When we set out to plan our journey to the Far East we hadn’t decided on staying for long in the Middle East. We had only planned on stopping over in Dubai for a short visit before reaching Sri Lanka.
However we had heard some amazing stories from backpackers who had visited Iran. At first our ignorant minds wandered about ISIS in Iraq and Taliban’s in Afghanistan. How can it possibly be safe to travel to Iran, bordered between these two unstable countries? But we were wrong! After filtering through media propaganda and US embassy warnings, we found heaps of real stories from travellers all mentioning how safe it is to travel to Iran. Violent crime rates are low (lower than US) and tourism is quite underdeveloped making it hard for people to live on pickpocketing tourists.
After more online research we discovered all the amazing things Iran has to offer. The country is huge with four season occurring in different places all year round. Iran seems to offer everything a nature-lover can desire. You can go skiing in the world class skiing resort in Dizin, hike up Damavand volcano (5610 m, the largest peak in the Middle East), take a boat trip inside the biggest water cave in the world, visit the orange hot springs in Soort Badab, or ride a camel in Shahdad desert (the hottest spot on earth). Suddenly Iran was getting to the top of our “countries we must visit” list.
Wearing a Hijab is compulsory by law in Iran
Iranians are famous for being one of the most hospitable nations in the world. We didn’t have to wait long to test this reputation…already, while we were waiting to board our plane to Lar (our first destination in Iran) we started to get invitations to peoples homes. Iranians are really interested to know what we think of the country. Our opinion about Iran seems really important to them, so they truly do their best to be helpful and hospitable towards foreigners.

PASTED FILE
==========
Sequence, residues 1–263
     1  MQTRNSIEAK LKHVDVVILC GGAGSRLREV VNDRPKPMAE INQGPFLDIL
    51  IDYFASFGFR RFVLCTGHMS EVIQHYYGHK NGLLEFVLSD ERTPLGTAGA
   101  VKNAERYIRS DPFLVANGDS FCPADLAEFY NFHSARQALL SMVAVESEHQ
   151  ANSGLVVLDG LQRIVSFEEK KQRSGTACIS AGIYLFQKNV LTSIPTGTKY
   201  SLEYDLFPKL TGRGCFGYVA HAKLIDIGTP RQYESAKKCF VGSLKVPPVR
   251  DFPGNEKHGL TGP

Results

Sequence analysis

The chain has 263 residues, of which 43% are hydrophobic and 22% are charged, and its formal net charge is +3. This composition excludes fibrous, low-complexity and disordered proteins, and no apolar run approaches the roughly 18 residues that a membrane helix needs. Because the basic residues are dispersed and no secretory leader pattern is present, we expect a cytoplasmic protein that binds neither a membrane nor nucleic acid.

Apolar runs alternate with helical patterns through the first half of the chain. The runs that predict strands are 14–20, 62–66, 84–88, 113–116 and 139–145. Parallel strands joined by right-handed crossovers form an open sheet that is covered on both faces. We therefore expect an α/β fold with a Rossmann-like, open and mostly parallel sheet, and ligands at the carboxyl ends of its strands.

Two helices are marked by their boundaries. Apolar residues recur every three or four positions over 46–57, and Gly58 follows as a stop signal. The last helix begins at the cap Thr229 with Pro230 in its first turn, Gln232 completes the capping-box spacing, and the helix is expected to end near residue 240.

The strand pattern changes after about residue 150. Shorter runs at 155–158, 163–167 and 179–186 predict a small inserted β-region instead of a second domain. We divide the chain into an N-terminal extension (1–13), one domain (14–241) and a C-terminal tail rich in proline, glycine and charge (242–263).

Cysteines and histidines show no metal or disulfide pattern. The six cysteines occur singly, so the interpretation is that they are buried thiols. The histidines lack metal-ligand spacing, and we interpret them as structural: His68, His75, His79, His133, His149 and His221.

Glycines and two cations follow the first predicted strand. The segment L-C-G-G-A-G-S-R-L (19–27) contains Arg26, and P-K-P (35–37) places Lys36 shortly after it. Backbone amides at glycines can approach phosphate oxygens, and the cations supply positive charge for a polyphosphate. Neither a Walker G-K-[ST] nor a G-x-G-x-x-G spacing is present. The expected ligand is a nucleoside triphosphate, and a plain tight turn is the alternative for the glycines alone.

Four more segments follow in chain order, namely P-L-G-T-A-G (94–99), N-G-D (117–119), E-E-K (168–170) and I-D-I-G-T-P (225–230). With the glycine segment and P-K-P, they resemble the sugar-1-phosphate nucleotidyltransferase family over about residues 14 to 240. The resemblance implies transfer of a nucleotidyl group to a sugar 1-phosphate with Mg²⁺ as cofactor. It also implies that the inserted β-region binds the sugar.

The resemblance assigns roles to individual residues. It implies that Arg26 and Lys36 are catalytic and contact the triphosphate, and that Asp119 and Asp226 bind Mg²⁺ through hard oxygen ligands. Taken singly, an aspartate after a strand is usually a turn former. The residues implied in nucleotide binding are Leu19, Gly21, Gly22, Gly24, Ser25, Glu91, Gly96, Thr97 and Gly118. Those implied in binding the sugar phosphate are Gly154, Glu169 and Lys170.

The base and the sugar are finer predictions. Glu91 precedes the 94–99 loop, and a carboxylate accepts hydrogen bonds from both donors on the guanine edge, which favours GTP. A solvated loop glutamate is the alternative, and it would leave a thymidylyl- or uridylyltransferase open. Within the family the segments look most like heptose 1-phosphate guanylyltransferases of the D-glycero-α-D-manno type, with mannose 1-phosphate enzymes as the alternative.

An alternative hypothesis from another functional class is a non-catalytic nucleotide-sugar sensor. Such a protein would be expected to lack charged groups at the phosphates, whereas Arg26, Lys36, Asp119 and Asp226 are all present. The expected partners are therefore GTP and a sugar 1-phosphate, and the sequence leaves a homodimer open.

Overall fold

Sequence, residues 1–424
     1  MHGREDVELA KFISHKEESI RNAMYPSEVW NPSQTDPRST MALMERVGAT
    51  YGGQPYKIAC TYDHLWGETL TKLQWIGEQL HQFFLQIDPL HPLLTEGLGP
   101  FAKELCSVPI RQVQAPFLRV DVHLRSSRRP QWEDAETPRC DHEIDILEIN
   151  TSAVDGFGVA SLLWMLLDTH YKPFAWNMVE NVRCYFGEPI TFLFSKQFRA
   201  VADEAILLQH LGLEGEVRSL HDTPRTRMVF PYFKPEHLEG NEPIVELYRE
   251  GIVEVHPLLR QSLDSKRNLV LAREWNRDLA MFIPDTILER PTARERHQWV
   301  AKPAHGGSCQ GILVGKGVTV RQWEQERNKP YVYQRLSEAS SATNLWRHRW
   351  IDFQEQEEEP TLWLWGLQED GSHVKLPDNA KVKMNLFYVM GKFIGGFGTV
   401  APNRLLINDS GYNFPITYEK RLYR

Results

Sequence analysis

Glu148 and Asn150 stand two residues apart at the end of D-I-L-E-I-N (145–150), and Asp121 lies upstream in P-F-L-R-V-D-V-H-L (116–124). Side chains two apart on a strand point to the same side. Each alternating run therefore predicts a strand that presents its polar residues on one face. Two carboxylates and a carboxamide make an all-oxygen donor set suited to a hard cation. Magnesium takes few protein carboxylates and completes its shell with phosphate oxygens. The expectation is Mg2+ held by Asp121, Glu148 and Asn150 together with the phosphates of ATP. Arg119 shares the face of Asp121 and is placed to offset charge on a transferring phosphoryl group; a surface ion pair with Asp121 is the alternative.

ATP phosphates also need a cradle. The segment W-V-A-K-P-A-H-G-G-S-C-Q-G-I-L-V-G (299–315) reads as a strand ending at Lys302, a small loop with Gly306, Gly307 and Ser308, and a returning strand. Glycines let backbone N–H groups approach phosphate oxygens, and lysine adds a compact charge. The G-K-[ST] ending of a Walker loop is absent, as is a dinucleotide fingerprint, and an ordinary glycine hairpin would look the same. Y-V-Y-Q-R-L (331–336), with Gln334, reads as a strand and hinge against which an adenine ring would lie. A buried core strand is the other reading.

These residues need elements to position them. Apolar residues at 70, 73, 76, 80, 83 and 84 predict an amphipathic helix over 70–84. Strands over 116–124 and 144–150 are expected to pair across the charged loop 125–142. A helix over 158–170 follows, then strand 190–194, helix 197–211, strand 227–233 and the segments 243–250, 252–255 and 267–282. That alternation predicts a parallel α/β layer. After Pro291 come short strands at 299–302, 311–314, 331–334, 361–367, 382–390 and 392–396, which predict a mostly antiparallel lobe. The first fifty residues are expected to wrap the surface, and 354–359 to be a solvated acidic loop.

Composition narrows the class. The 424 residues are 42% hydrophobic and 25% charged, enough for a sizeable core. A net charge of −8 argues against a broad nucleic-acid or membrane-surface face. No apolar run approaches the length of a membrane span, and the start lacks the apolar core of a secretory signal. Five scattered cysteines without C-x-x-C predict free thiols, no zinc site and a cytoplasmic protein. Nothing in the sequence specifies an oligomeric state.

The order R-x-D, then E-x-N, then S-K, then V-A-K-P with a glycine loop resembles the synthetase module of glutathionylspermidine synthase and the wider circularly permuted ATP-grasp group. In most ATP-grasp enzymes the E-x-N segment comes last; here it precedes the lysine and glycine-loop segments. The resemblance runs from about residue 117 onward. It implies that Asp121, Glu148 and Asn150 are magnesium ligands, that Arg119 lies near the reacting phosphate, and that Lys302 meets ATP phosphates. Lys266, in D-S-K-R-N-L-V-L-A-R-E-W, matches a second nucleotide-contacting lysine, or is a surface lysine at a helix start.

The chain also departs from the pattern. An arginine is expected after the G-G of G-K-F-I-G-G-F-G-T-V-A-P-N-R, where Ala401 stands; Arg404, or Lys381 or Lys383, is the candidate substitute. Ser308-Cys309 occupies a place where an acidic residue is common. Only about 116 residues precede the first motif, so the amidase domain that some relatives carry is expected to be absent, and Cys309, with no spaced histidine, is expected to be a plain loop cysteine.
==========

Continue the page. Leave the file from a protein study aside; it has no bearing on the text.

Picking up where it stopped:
Landing in Iran felt like going 40 years back in time. Since the Iranian Revolution in 1979, the United States among other governments imposed sanctions against Iran (Like in Cuba). So it’s quite interesting to see the streets which are covered with extremely old cars and the lack of technology in the country.
Enjoying the warm weather
A lot of Iranians are members on couchsurfing, a website for free homestay with locals all around the world (for more information see our blog from Dubai). Our first night we stayed with a lovely family in Lar, a small town in South-Iran. As in many of the smaller towns and cities of Iran, families stick together, live in the same building and meet up daily. That certainly characterized Mohammad and his big family. It was lovely to see the eldest play with the youngest and help in the kitchen, taking part in their everyday life. A nursery home doesn’t seem to be an option here like as in most Western countries. They truly respect the elderly.
In Lar we were invited for dinner after dinner, from relative to relative. We were quickly introduced to Iranian cuisine and the tradition of eating on the carpet (which is the usual way of dining for most Iranians, whether poor or rich). At first we had some difficulties finding a comfortable position, but with every meal our ligaments seemed to get more and more used to the strain. Somehow sitting together on a beautiful Persian carpet makes the atmosphere more relaxed and less formal than dining at a table. This is a tradition that we will definitely nurture in the future for certain occasions at our home in Iceland, but first we have to buy a nice carpet !
Getting used to the Iranian culture
Admiring the beautiful persian hand-made carpets
Hadi and his sister-son running up to the 600 year old castle in Lar
Beautiful Shrines and Mosques here in Iran
After a short stay in Lar, we headed north by bus to the former capital, Shiraz, famous for winemaking, poets and beautiful gardens. Read about our adventures in Shiraz here!
Are you thinking about travelling to Iran? Read our Ultimate travel guide to Iran here!
Find all our blogs from Iran here!
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